The biology of the 17-1A antigen (Ep-CAM).

Department of Pathology, Leiden University Medical Center, The Netherlands.
Journal of Molecular Medicine (Impact Factor: 4.77). 11/1999; 77(10):699-712. DOI:10.1007/s001099900038
Source: PubMed

ABSTRACT The glycoprotein recognized by the monoclonal antibody (mAb) 17-1A is present on most carcinomas, which makes it an attractive target for immunotherapy. Indeed, adjuvant treatment with mAb 17-1A did successfully reduce the 5 years mortality among colorectal cancer patients with minimal residual disease. Currently the antibody is approved for clinical use in Germany, and is on its way to approval in a number of other countries. New immunotherapeutic strategies targeting the 17-1A antigen are in development or even in early-phase clinical trials. Therefore, a better understanding of the biology of the 17-1A antigen may result in improved strategies for the treatment and diagnosis of human carcinomas. In this review the properties of the 17-1A antigen are discussed concerning tumor biology and the function of the molecule. This 40-kDa glycoprotein functions as an Epithelial Cell Adhesion Molecule, therefore the name Ep-CAM was suggested. Ep-CAM mediates Ca2+-independent homotypic cell-cell adhesions. Formation of Ep-CAM-mediated adhesions has a negative regulatory effect on adhesions mediated by classic cadherins, which may have strong effects on the differentiation and growth of epithelial cells. Indeed, in vivo expression of Ep-CAM is related to increased epithelial proliferation and negatively correlates with cell differentiation. A regulatory function of Ep-CAM in the morphogenesis of epithelial tissue has been demonstrated for a number of tissues, in particular pancreas and mammary gland. The function of Ep-CAM should be taken into consideration when developing new therapeutic approaches targeting this molecule.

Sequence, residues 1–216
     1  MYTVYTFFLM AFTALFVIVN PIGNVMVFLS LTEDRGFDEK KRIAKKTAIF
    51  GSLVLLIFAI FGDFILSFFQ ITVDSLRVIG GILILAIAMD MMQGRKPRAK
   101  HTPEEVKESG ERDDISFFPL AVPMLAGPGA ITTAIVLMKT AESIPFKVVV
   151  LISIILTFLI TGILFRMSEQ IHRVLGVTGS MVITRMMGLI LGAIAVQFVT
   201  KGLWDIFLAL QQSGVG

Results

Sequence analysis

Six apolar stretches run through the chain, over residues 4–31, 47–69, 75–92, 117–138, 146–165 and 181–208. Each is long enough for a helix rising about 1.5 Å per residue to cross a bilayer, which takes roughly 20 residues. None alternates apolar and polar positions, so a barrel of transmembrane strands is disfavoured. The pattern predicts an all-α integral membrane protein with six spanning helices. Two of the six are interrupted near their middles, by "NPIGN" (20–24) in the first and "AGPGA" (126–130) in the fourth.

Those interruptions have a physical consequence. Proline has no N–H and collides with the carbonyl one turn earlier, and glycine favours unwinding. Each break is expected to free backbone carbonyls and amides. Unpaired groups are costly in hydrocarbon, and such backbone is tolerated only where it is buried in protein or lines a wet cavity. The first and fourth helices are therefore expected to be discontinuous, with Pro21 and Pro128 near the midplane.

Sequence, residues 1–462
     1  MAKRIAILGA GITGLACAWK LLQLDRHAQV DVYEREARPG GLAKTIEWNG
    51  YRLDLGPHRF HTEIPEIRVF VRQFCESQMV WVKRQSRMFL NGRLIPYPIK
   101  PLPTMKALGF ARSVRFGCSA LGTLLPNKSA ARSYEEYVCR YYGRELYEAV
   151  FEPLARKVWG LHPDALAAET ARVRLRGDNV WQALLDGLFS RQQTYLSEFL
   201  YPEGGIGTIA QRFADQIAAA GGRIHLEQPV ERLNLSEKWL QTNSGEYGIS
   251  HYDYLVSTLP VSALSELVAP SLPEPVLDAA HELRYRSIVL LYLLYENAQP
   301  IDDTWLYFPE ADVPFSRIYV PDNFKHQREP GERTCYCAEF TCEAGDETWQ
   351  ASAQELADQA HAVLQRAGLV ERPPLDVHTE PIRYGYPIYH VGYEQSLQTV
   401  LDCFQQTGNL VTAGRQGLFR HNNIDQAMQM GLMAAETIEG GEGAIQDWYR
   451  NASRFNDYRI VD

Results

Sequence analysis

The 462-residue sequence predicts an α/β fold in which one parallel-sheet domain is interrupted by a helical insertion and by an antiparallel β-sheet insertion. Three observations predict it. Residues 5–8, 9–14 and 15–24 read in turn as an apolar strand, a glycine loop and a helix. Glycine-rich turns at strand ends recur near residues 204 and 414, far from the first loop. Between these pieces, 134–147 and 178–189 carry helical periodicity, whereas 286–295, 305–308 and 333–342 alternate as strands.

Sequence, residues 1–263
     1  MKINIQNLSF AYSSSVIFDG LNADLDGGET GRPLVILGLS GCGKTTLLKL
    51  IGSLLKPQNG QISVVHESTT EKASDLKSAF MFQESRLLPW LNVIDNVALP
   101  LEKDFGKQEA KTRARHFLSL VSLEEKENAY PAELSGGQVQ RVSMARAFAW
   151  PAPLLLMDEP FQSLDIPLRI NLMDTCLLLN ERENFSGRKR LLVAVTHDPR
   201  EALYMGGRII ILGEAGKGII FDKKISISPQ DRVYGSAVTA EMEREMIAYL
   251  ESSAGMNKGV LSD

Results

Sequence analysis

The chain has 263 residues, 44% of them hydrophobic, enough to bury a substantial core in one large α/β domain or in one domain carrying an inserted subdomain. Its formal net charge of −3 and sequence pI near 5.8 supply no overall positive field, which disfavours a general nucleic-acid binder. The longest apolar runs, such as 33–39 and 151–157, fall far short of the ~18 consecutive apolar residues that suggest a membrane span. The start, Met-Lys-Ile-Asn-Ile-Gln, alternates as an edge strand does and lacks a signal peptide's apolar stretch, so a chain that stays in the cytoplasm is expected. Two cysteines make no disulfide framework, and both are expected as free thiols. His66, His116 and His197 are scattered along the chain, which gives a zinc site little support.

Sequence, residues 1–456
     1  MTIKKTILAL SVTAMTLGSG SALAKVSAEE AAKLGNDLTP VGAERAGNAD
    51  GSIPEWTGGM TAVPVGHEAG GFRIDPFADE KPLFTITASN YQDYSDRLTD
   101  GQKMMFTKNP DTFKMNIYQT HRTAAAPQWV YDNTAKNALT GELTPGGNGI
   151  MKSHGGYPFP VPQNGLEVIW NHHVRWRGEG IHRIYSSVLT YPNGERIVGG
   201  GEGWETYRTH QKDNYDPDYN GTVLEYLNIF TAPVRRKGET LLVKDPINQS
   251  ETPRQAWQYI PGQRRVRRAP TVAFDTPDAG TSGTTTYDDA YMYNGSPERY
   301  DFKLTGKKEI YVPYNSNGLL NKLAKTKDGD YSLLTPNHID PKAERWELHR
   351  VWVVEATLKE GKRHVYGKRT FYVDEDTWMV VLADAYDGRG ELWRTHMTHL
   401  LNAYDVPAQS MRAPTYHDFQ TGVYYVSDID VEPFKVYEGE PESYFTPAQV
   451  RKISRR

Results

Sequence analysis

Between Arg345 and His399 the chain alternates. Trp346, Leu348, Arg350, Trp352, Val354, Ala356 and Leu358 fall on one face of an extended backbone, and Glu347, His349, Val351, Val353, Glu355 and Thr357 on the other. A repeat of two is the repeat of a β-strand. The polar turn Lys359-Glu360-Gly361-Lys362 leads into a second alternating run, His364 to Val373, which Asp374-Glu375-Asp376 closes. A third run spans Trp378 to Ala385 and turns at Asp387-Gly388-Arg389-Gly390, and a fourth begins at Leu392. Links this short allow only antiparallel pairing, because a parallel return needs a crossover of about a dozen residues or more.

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    ABSTRACT: The ability to engineer and re-program the surfaces of cells would provide an enabling synthetic biological method for the design of cell- and tissue-based therapies. A new cell surface-engineering strategy is described that uses lipid-chemically self-assembled nanorings (lipid-CSANs) that can be used for the stable and reversible modification of any cell surface with a molecular reporter or targeting ligand. In the presence of a non-toxic FDA-approved drug, the nanorings were quickly disassembled and the cell-cell interactions reversed. Similar to T-cells genetically engineered to express chimeric antigen receptors (CARS), when activated peripheral blood mononuclear cells (PBMCs) were functionalized with the anti-EpCAM-lipid-CSANs, they were shown to selectively kill antigen-positive cancer cells. Taken together, these results demonstrate that lipid-CSANs have the potential to be a rapid, stable, and general method for the reversible engineering of cell surfaces and cell-cell interactions.
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M Balzar